I’m Going to Throw You Out the Window
I’d always thought it was strange that when I or my siblings would misbehave, my mom would jokingly say, “I’m going to throw you out the window.” I thought it was something she made up. But the origin of the phrase came up in an unexpected place this semester.
I’ve been trying to learn several languages. Instead of studying textbooks or flashcards, I tried to utilize the native speakers on campus to help me. I met with my friend Lisa on Tuesdays to speak German, with Nikol on Thursdays to learn Croatian, and I went to Table Francais on Wednesdays to speak French with a group of other students. There are also similar clubs for Spanish and Italian.
Understanding the human aspect of language was the most important skill I learned this semester.
Interacting with other people in order to learn a new language taught me things I never would have encountered otherwise, and allowed me to learn how to express my passions in other languages. I talked with Lisa about the alchemical stages in literature, learning tons of new German vocabulary I wouldn’t have had the confidence to tackle on my own. I spoke in French about movies and travel plans. And Croatian helped connect me to my mom’s past…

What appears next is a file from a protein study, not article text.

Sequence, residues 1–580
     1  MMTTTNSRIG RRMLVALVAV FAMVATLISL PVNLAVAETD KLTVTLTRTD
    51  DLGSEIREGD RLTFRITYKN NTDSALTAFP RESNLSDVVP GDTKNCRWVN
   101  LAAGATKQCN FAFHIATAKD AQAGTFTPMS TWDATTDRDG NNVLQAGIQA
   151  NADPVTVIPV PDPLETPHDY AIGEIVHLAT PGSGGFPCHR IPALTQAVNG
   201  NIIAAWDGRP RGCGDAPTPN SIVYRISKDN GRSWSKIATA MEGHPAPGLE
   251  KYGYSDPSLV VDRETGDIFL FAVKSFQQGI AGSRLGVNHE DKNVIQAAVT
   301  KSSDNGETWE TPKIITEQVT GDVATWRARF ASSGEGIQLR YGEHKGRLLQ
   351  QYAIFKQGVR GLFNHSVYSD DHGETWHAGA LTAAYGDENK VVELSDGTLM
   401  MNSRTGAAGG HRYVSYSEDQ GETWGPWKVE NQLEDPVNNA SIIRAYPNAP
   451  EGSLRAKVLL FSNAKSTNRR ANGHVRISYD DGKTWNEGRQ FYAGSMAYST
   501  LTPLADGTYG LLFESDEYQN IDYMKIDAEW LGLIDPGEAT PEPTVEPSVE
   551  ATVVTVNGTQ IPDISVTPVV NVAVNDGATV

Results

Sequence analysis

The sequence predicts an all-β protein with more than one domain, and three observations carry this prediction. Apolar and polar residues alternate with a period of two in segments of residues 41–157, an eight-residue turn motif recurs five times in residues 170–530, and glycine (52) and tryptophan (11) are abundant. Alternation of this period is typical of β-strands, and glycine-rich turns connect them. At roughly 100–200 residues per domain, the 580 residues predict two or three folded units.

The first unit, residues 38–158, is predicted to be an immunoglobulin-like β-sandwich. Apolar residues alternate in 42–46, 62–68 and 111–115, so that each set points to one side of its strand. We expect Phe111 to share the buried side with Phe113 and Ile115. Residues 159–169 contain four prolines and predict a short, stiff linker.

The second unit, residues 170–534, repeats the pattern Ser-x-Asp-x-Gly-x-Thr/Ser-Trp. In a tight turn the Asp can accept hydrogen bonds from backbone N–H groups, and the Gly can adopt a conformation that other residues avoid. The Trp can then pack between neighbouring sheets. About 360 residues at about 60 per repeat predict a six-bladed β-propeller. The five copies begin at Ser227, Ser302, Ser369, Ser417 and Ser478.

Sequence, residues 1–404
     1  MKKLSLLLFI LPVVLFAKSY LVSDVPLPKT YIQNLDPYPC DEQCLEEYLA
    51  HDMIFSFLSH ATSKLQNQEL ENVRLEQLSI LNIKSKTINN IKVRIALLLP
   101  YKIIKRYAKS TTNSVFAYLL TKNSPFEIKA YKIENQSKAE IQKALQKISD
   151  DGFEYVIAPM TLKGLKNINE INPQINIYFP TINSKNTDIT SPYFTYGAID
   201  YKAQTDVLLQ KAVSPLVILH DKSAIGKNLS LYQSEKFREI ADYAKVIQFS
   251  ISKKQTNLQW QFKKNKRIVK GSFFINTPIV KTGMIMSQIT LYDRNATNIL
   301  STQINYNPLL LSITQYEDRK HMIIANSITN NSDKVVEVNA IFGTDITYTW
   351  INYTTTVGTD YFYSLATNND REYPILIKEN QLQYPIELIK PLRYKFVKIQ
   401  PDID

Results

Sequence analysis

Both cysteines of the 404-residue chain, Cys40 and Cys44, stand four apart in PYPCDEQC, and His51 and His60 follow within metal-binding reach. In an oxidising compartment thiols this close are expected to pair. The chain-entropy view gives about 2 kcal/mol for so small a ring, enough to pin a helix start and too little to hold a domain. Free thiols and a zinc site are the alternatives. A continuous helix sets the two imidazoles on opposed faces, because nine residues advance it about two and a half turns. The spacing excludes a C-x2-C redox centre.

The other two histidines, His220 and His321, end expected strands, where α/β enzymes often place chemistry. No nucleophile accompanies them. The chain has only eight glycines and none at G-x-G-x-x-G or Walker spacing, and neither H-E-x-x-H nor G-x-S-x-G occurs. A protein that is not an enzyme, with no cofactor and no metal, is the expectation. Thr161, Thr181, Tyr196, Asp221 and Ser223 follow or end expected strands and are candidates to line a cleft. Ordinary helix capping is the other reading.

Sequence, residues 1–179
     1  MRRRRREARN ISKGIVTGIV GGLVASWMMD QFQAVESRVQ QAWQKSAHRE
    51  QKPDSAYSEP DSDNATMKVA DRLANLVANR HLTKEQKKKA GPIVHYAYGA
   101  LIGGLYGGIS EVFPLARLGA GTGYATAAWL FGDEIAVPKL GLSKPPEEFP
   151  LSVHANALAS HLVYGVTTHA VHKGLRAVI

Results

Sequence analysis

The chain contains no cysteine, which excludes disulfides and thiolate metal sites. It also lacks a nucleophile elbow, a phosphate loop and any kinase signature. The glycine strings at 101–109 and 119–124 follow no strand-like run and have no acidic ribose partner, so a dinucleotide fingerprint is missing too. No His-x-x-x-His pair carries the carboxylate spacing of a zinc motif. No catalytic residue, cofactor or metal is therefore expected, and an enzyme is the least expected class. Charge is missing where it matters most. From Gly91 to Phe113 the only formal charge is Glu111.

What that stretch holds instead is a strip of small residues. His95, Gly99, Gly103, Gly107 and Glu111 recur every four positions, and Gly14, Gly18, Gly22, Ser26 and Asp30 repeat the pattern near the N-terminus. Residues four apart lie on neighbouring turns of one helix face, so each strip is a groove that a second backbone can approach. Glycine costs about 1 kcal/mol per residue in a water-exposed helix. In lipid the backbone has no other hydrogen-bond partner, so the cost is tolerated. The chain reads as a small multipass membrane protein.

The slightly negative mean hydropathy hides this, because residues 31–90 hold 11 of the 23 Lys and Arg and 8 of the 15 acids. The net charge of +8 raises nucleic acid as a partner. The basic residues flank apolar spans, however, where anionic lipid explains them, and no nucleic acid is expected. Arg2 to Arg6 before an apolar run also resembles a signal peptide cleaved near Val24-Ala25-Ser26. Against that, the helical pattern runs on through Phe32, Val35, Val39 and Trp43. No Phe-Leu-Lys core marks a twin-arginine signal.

I was walking with Nikol, trying to speak only in Croatian, when she stopped to point out a new vocabulary word.
“Prozor,” she said, pointing to a window. I nodded, and she continued to herself, “Ja ću vas baciti kroz prozor.”
“Sto je?” I asked. What is that?
“Oh,” she said, laughing and switching to English. “It’s an old Croatian saying. It means, ‘I’m going to throw you out the window.’”
I froze. At first, the pieces didn’t fit, but then I remembered – my mom had spent some of her early childhood in Croatia and Yugoslavia, while her father wrote a history textbook about the region. She barely remembered any of the language. But apparently, some of the common phrases had sunk in.
Understanding the human aspect of language was the most important skill I learned this semester. Connecting words and phrases to people, events, and feelings made them much more memorable. I can’t wait to apply what I’ve learned during my travels this summer, although, hopefully, I won’t have to use “Ja ću vas baciti kroz prozor” too often.